Matt Davey

Matt Davey, a beloved member of our lab, died tragically on April 2, 2005, in a helicopter crash on Nias, Indonesia, where he, a Lieutenant in the Australian Navy reserves, was assisting in the earthquake relief efforts.

He was with us in New York for only about 3 months, in 1998-9. He arrived with his hair frosted, fresh from a medaling performance in a ballroom dance competition.

In those few months, he accomplished a tremendous amount -- carrying out research that demonstrated, for the first time, the clinical electrophysiology of certain aspects of chronic brain injury. This work, later published with Niko Schiff, was crucial for developing an understanding of the pathophysiology of severe brain injury.

Matt seemed to have a 28-hour sleep-wake cycle (he said he forgot to bring his lamps with him), and so, he rotated in and out of phase with the rest of us. When his waking hours overlapped with mine, he worked with incredible energy. When his waking hours overlapped with the (nocturnal) working hours of the grad students -- Steve Kalik, Mike Repucci, and Bob DeBellis -- he set up Quake on several workstations, thus intermittently paralyzing the rest of my lab for most of the period he was in NYC and a substantial time thereafter.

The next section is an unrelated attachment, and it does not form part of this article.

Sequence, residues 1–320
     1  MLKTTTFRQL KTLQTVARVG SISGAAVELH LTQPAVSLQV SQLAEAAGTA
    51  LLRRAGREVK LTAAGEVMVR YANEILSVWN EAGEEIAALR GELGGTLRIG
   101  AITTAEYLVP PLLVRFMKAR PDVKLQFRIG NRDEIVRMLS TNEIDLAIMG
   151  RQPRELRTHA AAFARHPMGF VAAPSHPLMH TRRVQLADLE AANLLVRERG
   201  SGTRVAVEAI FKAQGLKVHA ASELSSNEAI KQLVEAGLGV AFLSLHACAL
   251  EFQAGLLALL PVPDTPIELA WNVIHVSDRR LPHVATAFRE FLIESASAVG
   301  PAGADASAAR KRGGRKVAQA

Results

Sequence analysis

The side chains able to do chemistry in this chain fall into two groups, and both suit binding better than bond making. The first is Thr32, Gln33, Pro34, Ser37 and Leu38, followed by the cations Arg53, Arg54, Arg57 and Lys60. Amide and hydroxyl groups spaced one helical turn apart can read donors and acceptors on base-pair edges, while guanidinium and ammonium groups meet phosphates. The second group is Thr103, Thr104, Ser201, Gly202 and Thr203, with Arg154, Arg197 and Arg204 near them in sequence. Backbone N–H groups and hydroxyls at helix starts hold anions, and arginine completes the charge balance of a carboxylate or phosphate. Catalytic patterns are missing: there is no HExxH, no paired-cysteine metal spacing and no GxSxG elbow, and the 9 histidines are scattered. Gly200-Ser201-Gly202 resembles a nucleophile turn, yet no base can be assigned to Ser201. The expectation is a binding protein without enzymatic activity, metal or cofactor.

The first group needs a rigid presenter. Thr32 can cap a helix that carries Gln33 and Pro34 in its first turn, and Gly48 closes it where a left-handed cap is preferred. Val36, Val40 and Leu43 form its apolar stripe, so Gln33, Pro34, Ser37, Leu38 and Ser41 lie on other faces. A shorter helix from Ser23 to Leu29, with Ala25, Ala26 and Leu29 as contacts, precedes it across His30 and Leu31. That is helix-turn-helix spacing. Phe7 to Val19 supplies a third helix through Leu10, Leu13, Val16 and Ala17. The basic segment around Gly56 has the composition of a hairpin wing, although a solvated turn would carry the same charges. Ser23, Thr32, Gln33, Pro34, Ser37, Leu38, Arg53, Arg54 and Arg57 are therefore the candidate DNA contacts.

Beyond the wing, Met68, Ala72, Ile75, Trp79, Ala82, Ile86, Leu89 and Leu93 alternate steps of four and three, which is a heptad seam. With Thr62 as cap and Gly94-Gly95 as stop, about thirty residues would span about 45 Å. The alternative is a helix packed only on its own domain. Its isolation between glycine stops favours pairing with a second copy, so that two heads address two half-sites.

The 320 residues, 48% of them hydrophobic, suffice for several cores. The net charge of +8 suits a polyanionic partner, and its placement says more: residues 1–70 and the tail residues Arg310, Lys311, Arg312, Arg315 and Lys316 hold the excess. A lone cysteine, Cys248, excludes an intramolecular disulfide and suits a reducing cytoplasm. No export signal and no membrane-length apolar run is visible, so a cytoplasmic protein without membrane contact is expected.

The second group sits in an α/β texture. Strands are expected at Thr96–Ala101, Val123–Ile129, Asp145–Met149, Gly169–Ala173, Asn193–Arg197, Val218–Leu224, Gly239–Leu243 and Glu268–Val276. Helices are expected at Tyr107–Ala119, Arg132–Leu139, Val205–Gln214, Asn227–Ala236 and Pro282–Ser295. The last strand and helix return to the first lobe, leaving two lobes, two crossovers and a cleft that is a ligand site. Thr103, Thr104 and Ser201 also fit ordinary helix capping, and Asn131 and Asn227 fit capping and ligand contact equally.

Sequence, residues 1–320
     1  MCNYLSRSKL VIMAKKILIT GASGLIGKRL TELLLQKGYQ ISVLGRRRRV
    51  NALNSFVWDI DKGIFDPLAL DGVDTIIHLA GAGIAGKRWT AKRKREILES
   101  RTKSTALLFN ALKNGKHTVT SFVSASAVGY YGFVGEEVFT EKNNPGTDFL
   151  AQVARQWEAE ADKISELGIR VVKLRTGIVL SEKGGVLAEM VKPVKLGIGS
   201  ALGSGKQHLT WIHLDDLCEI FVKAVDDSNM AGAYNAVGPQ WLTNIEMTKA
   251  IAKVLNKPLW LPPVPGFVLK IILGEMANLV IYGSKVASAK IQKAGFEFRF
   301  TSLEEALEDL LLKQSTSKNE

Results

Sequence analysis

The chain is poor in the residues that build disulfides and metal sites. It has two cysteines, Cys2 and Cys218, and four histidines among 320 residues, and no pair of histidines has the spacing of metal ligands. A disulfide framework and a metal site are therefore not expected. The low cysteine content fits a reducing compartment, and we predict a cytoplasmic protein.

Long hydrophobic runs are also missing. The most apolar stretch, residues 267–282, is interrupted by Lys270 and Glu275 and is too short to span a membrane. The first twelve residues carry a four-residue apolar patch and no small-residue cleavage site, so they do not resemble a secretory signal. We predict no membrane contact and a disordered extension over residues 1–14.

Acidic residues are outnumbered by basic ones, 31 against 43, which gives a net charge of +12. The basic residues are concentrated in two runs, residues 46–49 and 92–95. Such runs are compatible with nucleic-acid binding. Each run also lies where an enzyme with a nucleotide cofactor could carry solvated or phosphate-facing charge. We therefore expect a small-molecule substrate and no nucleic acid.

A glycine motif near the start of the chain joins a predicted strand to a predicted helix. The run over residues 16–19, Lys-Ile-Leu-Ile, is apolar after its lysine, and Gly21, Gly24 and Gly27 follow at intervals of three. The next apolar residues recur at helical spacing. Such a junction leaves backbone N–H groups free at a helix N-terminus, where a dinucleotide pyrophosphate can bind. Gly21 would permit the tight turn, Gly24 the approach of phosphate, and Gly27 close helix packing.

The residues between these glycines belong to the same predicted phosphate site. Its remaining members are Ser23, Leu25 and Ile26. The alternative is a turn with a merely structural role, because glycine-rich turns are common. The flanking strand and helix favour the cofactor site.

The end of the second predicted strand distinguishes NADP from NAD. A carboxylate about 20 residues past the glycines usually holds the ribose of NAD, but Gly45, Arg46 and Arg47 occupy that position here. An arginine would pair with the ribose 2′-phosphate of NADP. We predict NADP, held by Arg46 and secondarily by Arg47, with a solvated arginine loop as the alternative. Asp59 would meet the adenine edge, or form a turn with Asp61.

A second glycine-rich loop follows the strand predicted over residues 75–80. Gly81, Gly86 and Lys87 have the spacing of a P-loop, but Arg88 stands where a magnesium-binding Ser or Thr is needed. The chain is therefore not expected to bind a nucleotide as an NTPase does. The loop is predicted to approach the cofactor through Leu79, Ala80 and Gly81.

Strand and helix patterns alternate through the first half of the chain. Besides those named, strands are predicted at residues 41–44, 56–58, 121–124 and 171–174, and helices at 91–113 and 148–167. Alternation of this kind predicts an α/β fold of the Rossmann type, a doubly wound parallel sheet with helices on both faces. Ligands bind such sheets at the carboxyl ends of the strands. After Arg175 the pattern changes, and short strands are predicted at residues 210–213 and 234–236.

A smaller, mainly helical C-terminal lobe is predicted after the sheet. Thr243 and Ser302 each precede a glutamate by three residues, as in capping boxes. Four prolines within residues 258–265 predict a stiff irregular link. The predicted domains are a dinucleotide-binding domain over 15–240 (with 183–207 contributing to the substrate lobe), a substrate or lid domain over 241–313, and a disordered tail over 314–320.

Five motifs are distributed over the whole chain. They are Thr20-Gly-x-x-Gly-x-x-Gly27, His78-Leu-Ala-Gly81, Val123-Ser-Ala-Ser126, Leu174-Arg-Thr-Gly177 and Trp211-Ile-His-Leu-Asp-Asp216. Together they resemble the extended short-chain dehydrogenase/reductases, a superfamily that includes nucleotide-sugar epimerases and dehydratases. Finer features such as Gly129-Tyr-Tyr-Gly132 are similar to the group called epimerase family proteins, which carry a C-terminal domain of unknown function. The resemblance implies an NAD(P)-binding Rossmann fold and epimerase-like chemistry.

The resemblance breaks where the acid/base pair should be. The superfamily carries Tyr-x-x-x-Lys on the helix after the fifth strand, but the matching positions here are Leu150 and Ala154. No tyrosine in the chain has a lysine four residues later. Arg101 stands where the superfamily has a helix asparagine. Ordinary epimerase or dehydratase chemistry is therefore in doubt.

We will remember him with great admiration and fondness.

Jonathan D. Victor

Article in The Age
Article in Navy
Article in Wikinews
Davey's publication on EEG dynamics and dysfunction in brain injury
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